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Relevance of Staging Psychotic disorders as a Paradigm-shift for understanding disease progression and stage-dependent treatment.

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Últimas Publicaciones

STRATEGIES FOR STUDYING BRAIN DISORDERS

Vol.9 Sistema Dopaminérgico y Trastornos Psiquiátricos

Vol.10 Staging Neuropsychiatric Disorders: Implications for Etiopathogenesis and Treatment

June 2013

ISBN: 978-1-4614-7263-6

Publications

Vol.9 Beyond Neuropsychiatric Diagnostics:Symptoms not Disorders

Vol.9 Beyond Neuropsychiatric Diagnostics:Symptoms not Disorders

June 2009

Editores: Tomás Palomo, Richard J. Beninger, Trevor Archer, Richard M. Kostrzewa

Editorial: Editorial CYM, General Oráa, 47, 28006 MADRID

ISBN: 978-84-934250-4-3

Páginas: 738

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Also found within the publication, are contributions presented at the meeting held in Mazagón in 2007.

Prólogo

There still remains a nostalgic, old-world quality attached to journeys on the Spanish Railways, no matter what the current state of Afgan/Iraqi terrorist hard-cores, world-wide financial chaos and mayhem, Presidential elections, or even the mundane banality of office-politics in academicallyredundant and mediocre institutions suffering from the consciously catastrophic ignorance of the basic prerequisites around which Parkinson's Law resolves. After the hustle-bustle, impersonal effectiveness of passcontrol and bagage-retrieval, and the super-quick acquistion of a taxi at Madrid's International Airport, one is deposited, with some degree of obsequiousness, on the pavement adjoining the modestly grandiose sideentrance to one's favourite, Madrid railway station, Atocha. In no time at all, there one sits: the classical railway restuarant, in a cool, moist 'Alhambra-like' atmosphere, quietly meditating upon the irreplaceable luxury of civilised travel. Within seconds, the courteous attention of a neatlyclad, but unostentatious, Spanish waiter egresses. "Dos cerverces, Senhor, y dos tortilla, por favor", and our man retreats with ballroom elegance, shrugging shoulders and shaking his head, plainly at odds with this enigma of the rough-looking, clumsy fellow escorting the tall, blonde angel of such class and style. Nevertheless, iced beer and omelettes are served with gentle flourish, accompanied by fresh bread rolls, olives and water, for our man has seen it all, shapes and sizes, believers and unbelievers, ethnicities and sexual-propensities, rock stars and racehorse jockeys - they all pass through and Atoche takes them into her bosom and then puts them into the 'supercharged Andalusian express' to whereever their dreams will take them. In this case, Sevilla, with its splendid vaulted hall, where Senhor Francesco, with a beaming smile, reports his welcome with guiding gestures to the taxi - equi donati dentes non inspiciuntur - that unites us, at Sevilla airport, with two of the post-modern Musketeers, Athos and Porthos (Aramis, this time was a later arrival), towards our destination, the special environs of Huelva, Moguer, Palos de la Frontera, El Rocio, Mazagon, the Donana, La Rapida, and the "Parador de Mazagon".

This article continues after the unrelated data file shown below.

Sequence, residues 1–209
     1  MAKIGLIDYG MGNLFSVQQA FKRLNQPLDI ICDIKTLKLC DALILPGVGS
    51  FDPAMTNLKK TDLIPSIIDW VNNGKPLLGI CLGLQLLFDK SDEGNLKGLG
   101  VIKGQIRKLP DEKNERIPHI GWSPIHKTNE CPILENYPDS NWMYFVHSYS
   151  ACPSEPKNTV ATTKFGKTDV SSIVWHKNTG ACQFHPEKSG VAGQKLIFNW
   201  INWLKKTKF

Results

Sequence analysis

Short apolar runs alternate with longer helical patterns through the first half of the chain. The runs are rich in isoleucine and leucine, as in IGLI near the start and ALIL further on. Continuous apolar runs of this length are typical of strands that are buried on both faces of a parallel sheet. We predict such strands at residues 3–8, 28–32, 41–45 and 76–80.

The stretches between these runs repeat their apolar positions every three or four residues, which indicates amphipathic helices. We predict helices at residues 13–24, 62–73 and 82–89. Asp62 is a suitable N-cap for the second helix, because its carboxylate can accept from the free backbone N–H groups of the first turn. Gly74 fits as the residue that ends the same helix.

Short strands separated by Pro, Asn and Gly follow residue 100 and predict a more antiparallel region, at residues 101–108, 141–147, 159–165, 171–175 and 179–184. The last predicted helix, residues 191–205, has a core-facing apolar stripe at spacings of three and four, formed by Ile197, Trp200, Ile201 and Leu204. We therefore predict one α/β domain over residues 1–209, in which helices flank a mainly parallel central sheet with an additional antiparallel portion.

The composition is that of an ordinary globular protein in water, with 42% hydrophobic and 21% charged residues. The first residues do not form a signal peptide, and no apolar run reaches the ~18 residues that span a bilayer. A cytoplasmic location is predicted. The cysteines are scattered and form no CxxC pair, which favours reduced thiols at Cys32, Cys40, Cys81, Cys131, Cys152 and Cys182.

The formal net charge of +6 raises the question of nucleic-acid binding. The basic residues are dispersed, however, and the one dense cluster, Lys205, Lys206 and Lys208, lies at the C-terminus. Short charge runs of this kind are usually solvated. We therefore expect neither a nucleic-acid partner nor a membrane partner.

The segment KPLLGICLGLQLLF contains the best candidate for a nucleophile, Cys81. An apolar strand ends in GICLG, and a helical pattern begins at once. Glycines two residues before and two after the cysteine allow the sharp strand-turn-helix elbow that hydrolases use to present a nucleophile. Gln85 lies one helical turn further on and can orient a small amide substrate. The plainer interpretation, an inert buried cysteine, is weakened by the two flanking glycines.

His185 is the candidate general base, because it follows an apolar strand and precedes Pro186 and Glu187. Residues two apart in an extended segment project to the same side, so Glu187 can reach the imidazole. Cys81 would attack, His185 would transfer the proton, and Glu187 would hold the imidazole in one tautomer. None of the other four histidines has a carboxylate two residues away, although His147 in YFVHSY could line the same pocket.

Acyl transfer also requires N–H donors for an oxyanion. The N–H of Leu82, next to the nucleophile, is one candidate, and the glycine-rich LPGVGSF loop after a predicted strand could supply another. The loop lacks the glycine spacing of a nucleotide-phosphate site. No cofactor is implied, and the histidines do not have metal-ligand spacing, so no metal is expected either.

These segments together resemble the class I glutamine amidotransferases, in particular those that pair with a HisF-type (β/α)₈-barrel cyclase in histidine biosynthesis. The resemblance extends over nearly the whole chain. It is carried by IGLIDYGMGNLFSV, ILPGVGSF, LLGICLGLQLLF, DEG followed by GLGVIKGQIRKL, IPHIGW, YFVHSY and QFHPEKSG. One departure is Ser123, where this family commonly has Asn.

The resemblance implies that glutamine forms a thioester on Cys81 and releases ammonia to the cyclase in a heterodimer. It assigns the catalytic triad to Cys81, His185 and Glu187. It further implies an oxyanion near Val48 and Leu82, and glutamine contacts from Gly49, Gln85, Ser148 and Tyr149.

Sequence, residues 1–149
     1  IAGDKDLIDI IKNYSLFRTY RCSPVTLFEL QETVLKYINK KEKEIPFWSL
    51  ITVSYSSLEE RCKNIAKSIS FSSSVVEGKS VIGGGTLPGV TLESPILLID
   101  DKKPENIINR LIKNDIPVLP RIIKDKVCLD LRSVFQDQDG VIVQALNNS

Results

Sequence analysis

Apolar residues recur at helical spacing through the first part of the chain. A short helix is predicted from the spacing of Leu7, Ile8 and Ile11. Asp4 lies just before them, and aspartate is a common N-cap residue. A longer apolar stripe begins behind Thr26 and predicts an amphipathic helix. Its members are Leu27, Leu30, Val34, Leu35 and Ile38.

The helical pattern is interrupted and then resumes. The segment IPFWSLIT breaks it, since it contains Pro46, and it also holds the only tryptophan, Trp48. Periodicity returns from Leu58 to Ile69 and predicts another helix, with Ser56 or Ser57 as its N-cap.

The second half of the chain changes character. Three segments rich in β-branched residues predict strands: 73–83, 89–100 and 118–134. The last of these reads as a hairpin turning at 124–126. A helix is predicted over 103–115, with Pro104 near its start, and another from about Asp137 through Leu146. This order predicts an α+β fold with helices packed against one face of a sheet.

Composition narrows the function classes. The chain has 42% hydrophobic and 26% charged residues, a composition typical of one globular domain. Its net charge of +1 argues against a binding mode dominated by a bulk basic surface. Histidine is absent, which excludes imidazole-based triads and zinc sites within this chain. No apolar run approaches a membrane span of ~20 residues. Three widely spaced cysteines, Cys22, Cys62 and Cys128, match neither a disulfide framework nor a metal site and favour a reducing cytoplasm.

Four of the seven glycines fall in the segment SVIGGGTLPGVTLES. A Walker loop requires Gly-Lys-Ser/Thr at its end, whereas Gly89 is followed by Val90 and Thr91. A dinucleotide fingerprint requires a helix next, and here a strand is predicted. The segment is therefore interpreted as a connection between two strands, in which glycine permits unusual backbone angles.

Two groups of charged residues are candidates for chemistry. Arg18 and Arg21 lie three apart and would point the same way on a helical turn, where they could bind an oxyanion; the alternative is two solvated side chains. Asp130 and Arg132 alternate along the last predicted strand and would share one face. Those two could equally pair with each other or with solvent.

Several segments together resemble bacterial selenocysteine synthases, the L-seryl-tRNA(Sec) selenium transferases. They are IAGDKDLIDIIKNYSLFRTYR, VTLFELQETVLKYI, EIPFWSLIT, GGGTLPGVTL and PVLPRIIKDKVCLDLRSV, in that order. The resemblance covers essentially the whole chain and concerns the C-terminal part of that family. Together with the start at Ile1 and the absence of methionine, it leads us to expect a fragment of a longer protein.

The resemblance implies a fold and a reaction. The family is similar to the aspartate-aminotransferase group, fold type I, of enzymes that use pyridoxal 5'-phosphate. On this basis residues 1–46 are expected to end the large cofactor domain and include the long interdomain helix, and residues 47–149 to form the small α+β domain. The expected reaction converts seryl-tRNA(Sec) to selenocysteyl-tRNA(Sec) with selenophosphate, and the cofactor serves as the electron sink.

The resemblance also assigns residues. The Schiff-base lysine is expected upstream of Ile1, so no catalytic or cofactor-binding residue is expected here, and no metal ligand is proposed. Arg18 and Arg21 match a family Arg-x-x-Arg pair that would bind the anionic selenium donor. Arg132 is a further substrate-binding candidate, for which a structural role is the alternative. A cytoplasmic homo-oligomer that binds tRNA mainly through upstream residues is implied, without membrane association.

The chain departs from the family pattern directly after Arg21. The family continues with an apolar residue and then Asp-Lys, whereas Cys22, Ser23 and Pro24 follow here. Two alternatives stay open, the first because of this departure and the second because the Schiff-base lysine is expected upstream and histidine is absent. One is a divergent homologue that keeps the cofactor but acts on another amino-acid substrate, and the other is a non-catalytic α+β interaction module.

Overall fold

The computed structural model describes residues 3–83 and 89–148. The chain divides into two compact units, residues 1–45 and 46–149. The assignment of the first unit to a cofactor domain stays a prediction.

"Beyond Neuropsychiatric Diagnosis: Symptoms Not Disorders" was fertilized amid the post-Meeting, Gala Dinner, ebullient between-course, banter of Joe Coyle, Bita Moghaddam, Anthony Grace and Peter Kalivas (others were involved too) at the 2005 "Mojacar"-Mazagon Meeting, confined and nourished in the womb of the Guardians and Committee Members of the Cerebro y Mente in Madrid, delivered on the 17th October (2007) and reached a particular type of neurodevelopmental maturity on the 21st October 2007: in gestation, an elephant, in life-span, a butterfly, in retrospect, a minor paradigm. Here, the different symptomprofiles that partially characterise putatively-shared and/or differentiating aspects of the disease process were compared, 'staged', highlighted, described and examined from clinical, non-clinical and basic experimental perspectives. The primary ambition and expected scope of the Meeting was to overcome the rigidly-corseting carapace of existing diagnostic classifications of mental disorders to pave opportunities for overturning current prevailing notions, to some extent pre-empting the coming of the new Diagnostic and Statistical Manual, DSM-V. As the secondary and tertiary ambitions were unfolded and prevailed, structural/functional expressions of disease states, biomarkers, neurodevelopmental liabilities, genetic polymorphisms, neurotranscription factors, molecular cascades inherent to the electrochemical processes initiated by first, second and succeeding messengers were paraded in connection with schizophrenic, depressive, abuse, cognitive, personality, affective, impulsive and comorbid disorders. Thus, common neurocircuits underlying common symptoms in psychiatric disorders, psychoses, cognition-related symptoms, motor symptoms of neuropsychiatric symptoms, impulsiveness and anhedonia, and affect were described, discussed, and dissected, accompanied by the state-of-the-art barrage of methodological stringence and innovation, conceptual finesse and in excruciatingly provocative demonstrations of neurotechnological complexity. Gradually, the shifting images of labyrinthine diagnostic veniality were overcome by those adaptive beacons of symptom-profile veracity, analytic signs and biomarkers, gene-environment predispositions and precipitating agents - harbingers of disease, not at all credo quia absurdum - were unraveled in three days of exhaustive scientific endeavour and unstinting culinary, intellectual and physical-exertive hedonism (bearing in mind the dour presence of Roy Wise).